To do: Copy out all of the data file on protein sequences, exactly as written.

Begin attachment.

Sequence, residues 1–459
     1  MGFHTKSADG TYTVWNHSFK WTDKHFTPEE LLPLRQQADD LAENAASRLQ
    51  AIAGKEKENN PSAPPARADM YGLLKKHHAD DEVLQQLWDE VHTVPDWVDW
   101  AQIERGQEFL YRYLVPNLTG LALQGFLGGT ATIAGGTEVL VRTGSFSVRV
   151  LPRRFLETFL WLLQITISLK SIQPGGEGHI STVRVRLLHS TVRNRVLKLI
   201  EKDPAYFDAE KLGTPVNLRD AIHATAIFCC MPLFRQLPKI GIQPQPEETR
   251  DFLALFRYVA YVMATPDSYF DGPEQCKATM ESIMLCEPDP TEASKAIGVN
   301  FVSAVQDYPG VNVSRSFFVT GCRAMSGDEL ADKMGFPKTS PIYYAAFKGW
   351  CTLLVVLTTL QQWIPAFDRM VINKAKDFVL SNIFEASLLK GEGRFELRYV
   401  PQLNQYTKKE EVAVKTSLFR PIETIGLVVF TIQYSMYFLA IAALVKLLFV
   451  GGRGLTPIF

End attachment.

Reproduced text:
Sequence, residues 1–459
     1  MGFHTKSADG TYTVWNHSFK WTDKHFTPEE LLPLRQQADD LAENAASRLQ
    51  AIAGKEKENN PSAPPARADM YGLLKKHHAD DEVLQQLWDE VHTVPDWVDW
   101  AQIERGQEFL YRYLVPNLTG LALQGFLGGT ATIAGGTEVL VRTGSFSVRV
   151  LPRRFLETFL WLLQITISLK SIQPGGEGHI STVRVRLLHS TVRNRVLKLI
   201  EKDPAYFDAE KLGTPVNLRD AIHATAIFCC MPLFRQLPKI GIQPQPEETR
   251  DFLALFRYVA YVMATPDSYF DGPEQCKATM ESIMLCEPDP TEASKAIGVN
   301  FVSAVQDYPG VNVSRSFFVT GCRAMSGDEL ADKMGFPKTS PIYYAAFKGW
   351  CTLLVVLTTL QQWIPAFDRM VINKAKDFVL SNIFEASLLK GEGRFELRYV
   401  PQLNQYTKKE EVAVKTSLFR PIETIGLVVF TIQYSMYFLA IAALVKLLFV
   451  GGRGLTPIF